Returning to Orphan Black, for instance, if Sarah were male, he’d be unequivocally viewed as either a complex, sympathetic antihero or a loving battler with a heart of gold. I mean, the ex-con trying to go straight and get his daughter back while still battling the illegalities of his old life and punching bad guys? Let me introduce you to Swordfish, Death Race, and about a millionty other stories where a father’s separation from a beloved child, whether as a consequence of his actual criminal actions, shiftless neglect, sheer bad luck or a combination of all three, is never couched as a reason why he might not be a fit parent. We tend to accept, both culturally and narratively, that men who abandon their children aren’t automatically bad dads; they just have other, important things to be doing first, like coming to terms with parenthood, saving the world, escaping from prison or otherwise getting their shit together. But Sarah, who left her child in the care of someone she trusted absolutely, has to jump through hoops to prove her maternal readiness on returning; has to answer for her absence over and over again. And on one level, that’s fine; that’s as it should be, because Sarah’s life is dangerous. And yet, her situation stands in glaring contrast to every returning father who’s never been asked to do half so much, because women aren’t meant to struggle with motherhood, to have to try to succeed: we’re either maternal angels or selfish absentees, and the idea that we might sometimes be both or neither isn’t one you often see depicted with such nuance.

    Gender, Orphan Black & The Meta Of Meta

    read this, read it right now it’s absolutely genius.

    (via sarahcosima)

    (via homoerotics)

    1 week ago  /  7,543 notes  /  Source: knowlesian

  4. risinyira:

thebobblehat:

awkwardarbor:

didgeridooyouloveme:

caseyanthonyofficial:

That gazebo is so fucked

Are you sure gazebo is the correct word?
Are
you 
sure?


idk why you’re confused, that poor gazebo needs help

This has hit my dash three times… that final reblog made it worthy.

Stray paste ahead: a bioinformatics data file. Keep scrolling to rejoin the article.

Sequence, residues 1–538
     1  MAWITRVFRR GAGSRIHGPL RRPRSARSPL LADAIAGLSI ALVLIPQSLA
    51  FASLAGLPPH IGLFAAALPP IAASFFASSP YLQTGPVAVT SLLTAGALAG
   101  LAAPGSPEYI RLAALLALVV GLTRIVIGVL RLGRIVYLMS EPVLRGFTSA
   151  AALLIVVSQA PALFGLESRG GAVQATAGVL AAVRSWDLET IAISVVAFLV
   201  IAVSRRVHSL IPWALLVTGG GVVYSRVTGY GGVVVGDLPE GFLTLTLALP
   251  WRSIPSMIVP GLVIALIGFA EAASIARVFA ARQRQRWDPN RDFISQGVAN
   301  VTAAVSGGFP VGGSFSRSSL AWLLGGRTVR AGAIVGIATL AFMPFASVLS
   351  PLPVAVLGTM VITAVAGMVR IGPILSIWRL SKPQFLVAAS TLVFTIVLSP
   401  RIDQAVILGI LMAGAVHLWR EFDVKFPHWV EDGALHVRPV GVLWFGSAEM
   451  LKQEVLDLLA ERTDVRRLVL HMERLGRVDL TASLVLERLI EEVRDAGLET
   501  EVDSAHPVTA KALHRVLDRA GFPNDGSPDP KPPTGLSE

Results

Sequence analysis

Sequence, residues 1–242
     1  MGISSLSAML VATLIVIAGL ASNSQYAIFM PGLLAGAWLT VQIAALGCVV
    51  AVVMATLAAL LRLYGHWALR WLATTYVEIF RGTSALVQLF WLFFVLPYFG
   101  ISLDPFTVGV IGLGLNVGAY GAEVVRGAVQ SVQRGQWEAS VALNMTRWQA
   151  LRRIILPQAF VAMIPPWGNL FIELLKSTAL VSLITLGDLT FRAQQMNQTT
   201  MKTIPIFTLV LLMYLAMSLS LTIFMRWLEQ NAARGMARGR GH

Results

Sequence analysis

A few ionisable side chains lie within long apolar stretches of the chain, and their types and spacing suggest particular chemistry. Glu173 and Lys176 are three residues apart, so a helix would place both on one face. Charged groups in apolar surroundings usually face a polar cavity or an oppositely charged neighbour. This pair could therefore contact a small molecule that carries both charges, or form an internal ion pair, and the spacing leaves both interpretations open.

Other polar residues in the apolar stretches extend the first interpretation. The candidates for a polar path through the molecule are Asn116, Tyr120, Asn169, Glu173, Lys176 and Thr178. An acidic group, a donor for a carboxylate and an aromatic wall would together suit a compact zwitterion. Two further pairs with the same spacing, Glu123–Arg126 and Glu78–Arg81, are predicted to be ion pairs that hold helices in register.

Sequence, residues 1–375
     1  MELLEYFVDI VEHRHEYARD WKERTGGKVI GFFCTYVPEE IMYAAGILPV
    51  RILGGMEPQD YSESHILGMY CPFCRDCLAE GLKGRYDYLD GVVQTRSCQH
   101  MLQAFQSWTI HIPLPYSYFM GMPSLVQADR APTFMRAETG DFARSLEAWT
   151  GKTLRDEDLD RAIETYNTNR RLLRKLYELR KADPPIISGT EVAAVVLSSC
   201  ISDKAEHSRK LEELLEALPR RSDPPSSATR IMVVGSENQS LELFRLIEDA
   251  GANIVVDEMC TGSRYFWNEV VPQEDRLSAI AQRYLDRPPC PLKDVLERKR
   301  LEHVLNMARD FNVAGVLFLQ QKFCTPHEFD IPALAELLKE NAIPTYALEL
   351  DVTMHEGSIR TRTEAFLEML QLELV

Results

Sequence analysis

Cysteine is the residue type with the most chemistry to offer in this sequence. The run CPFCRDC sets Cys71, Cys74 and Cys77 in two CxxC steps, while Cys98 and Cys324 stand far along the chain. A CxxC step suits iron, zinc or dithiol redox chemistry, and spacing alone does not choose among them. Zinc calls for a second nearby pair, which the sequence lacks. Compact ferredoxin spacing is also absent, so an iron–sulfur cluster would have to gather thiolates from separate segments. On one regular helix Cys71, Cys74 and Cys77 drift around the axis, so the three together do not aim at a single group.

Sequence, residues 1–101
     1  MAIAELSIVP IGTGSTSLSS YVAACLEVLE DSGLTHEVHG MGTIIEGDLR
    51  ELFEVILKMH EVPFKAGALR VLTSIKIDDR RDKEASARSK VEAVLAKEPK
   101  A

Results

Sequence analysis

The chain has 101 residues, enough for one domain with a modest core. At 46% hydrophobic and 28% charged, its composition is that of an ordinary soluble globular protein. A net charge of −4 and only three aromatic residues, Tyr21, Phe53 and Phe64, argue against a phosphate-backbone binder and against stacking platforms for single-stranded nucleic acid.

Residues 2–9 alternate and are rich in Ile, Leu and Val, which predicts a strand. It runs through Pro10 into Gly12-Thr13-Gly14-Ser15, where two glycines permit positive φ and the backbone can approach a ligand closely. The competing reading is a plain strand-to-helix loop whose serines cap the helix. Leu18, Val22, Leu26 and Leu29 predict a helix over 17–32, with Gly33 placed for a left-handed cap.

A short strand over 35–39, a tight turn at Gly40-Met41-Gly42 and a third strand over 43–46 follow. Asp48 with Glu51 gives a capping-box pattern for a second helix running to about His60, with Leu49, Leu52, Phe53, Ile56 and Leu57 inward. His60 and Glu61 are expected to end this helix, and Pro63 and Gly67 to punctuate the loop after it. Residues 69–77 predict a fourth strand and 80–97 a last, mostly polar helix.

OMFG

    risinyira:

    thebobblehat:

    awkwardarbor:

    didgeridooyouloveme:

    caseyanthonyofficial:

    That gazebo is so fucked

    Are you sure gazebo is the correct word?

    Are

    you 

    sure?

    idk why you’re confused, that poor gazebo needs help

    This has hit my dash three times… that final reblog made it worthy.

    OMFG

    (via madame-hobbit)

    1 week ago  /  373,094 notes  /  Source: ForGIFs.com

  5. photo

    photo

    1 week ago  /  101,182 notes  /  Source: accordingtodevin

  6. yongmuney:

    this is an appreciation post for anyone who has ever tolerated me

    (via theacenightwatch)

    1 week ago  /  413,336 notes  /  Source: yongmuney

  7. photo

    photo

    photo

    photo

    photo

    photo

    photo

    photo

    photo

    photo

    2 weeks ago  /  248,019 notes  /  Source: two4fit

  8. upworthy:

    The Music Industry Asked Him To Change 1 Word In His Songs. His Response Is Pitch Perfect.

    (via theacenightwatch)

    2 weeks ago  /  70,066 notes  /  Source: upworthy

  9. me after calling someone out: you must be wearing orthopedic shoes because you stand corrected

    2 weeks ago  /  24,367 notes  /  Source: gaypos

  10. (via theacenightwatch)

    2 weeks ago  /  275,162 notes  /  Source: ca-ra-ph-er-ne-lia

  11. woke-up-on-derse:

breathinghavoc:

Guys they are going to attack the SNK and Homestuck tags now. Please be safe. You really have to be messed up to come up with this.

im laughing so hard right now
guys, not even 4channers know what to do with us

    woke-up-on-derse:

    breathinghavoc:

    Guys they are going to attack the SNK and Homestuck tags now. Please be safe. You really have to be messed up to come up with this.

    im laughing so hard right now

    guys, not even 4channers know what to do with us

    (via theacenightwatch)

    2 weeks ago  /  4,611 notes  /  Source: breathinghavoc

  12. locktobre:

    'why are you sitting in the dark' excuse you I've been sitting here all day and it got dark around me I did not choose this

    (via bloodydifficult)

    2 weeks ago  /  358,190 notes  /  Source: locktobre